Eli is 10 years old and has only one tooth. This little guy was recently adopted by a Regina family, and he obviously had bad teeth. Periodontal (gum disease) is one of the most common dog diseases, and is often preventable.
Tartar and plaque build up, then the gums recede, and infection starts. It’s nasty. Serious dental issues seem to be more common in small dogs than large. It’s often diet related – created by a soft food diet . . . think Cesar supplemented with lots of soft treats. Although they like the taste, the dog’s teeth get coated with food without ever getting a good scrubbing. Soft food is ok, but dogs need crunchy stuff too. (I know they get this stuff because their people love them, but loving them through food can hurt them.)
Unfortunately we see a lot of dogs with dental issues.
What you’ll notice with gum disease is nasty mouth odour when things get infected, and the cost of dental cleanings and extractions. A lot of people pay hundreds and thousands of dollars to fix the problem. However, some people chose not to fix it – that’s mean. I don’t know about you, but I’ve had dental infections, and they hurt – a lot. I can’t imagine the pain that some of these dogs live with. (Dr. Paddy Khuly, a veterinarian blogger, suggests that people who chose not to fix their dog’s mouth infections otherwise known as medical neglect should be charged with animal cruelty. Think about that.) Unfortunately, if the problem isn’t treated early, older dogs may have to suffer in pain for the reminder of their lives because using anesthetic on older dogs can be deadly.
Unless it’s genetic or caused by accident, so many dental problems are preventable. While tooth brushing is an option, I don’t know of many who make the effort to do it. Good on you if you do. Providing your dog with crunchy stuff is a good alternative. The Veterinary Oral Health Council (VOHC) awards a registered seal of approval for products that are clinically proven to control plaque and tartar. Frankly, everyone trying to sell you something claims their product helps, but products on this list are tested and scored using established protocols – so they're scientifically proven, not just a marketing claim. There is one caution here – VOHC tests for plaque and tarter control, they don’t test products to determine if they're otherwise healthy or safe.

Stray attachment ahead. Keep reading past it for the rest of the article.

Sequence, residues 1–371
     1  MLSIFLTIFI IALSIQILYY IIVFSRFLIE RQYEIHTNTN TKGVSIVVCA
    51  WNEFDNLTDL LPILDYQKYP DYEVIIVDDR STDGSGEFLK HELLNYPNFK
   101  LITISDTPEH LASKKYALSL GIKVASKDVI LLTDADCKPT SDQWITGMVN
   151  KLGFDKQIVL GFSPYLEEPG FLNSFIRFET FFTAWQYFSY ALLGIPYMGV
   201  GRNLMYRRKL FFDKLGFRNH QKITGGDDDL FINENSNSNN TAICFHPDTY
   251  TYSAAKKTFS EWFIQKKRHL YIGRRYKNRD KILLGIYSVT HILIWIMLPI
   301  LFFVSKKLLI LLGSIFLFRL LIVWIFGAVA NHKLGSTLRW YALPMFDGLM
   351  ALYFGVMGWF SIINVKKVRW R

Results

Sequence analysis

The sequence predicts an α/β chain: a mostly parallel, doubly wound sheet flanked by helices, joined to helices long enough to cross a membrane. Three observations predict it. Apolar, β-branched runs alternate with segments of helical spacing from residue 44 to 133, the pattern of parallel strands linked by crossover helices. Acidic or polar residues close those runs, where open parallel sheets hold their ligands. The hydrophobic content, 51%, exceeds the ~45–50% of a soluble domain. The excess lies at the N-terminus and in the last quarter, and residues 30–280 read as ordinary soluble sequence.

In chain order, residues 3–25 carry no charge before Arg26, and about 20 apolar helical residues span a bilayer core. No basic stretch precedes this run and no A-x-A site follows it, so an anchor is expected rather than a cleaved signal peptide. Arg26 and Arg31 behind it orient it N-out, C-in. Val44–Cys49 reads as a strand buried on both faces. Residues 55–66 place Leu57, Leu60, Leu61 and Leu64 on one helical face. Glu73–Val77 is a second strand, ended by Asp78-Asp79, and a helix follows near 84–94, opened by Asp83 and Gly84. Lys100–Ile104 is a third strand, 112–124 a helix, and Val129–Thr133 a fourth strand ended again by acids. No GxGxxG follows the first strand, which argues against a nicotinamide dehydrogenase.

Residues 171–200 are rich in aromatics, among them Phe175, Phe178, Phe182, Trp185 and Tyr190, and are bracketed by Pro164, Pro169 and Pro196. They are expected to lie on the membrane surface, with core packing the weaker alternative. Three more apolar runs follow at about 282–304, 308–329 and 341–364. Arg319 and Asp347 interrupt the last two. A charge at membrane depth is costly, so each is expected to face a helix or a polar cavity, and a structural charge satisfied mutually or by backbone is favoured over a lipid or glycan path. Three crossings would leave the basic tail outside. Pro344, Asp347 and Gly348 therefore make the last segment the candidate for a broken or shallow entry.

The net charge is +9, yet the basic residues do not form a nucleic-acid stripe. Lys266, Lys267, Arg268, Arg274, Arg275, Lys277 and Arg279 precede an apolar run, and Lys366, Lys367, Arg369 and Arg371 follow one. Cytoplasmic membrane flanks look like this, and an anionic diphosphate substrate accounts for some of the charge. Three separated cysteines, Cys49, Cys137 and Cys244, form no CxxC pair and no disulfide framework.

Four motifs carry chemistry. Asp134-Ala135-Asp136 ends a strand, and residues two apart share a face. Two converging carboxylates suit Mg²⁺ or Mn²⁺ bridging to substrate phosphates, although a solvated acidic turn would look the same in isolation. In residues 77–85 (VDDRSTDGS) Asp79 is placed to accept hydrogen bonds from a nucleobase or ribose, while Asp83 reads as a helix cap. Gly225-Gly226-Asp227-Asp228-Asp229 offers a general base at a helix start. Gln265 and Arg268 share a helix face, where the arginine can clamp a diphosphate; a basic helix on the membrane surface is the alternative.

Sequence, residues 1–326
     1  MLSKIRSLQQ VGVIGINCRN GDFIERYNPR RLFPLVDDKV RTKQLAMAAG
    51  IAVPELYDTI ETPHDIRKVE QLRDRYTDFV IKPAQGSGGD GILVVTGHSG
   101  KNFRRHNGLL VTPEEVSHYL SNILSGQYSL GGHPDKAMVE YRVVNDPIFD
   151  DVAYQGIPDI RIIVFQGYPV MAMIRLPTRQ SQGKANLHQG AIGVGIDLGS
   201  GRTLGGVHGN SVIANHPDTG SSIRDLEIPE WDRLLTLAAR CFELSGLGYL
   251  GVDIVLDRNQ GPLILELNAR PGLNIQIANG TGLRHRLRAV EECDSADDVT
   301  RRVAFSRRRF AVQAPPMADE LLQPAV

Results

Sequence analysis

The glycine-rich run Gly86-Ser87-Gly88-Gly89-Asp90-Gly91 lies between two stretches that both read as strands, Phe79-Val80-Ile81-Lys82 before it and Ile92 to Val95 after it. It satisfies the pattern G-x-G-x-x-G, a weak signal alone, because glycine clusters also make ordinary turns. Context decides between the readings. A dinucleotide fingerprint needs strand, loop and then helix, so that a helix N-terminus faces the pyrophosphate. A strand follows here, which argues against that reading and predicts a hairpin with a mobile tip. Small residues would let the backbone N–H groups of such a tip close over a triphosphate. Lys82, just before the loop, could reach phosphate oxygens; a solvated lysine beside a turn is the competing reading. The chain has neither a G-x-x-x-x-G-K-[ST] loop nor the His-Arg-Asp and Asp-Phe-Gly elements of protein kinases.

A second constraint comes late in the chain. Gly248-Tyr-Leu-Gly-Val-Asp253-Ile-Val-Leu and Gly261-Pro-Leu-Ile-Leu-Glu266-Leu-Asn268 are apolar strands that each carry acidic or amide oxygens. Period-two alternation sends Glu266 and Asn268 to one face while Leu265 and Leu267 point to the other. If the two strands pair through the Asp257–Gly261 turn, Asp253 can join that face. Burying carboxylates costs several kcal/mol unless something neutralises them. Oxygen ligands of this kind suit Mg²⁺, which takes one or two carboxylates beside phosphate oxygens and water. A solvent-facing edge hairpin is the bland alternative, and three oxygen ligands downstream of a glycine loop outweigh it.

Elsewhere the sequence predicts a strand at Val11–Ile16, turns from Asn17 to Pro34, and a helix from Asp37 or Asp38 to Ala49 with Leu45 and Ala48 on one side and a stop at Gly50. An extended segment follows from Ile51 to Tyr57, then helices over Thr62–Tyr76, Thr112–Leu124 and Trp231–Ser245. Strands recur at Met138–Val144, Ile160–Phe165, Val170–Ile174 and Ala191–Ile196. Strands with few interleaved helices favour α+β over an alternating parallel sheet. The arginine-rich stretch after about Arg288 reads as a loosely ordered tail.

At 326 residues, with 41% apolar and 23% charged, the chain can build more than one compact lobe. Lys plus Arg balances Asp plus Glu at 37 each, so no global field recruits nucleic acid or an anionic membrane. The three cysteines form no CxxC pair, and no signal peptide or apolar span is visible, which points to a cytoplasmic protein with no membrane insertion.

For many dogs, chewing raw (never cooked) bones or elk antlers works well too. Keep in mind that anything designed to be chewed may break and cause intestinal problems or injury. Most dogs enjoy chewing, and typically spend a few minutes chewing rather than bolting it down whole or in large pieces. However, you know your dog – if they don’t chew thoroughly, don’t give it to them. And, if you notice sharp edges or small pieces, take it away.
Talk with your veterinarian about what’s best for your dog. And, check your dog’s mouth regularly for signs of tartar or plaque build-up or infection. When it comes to your dog’s dental health, an ounce of prevention is worth a pound of cure.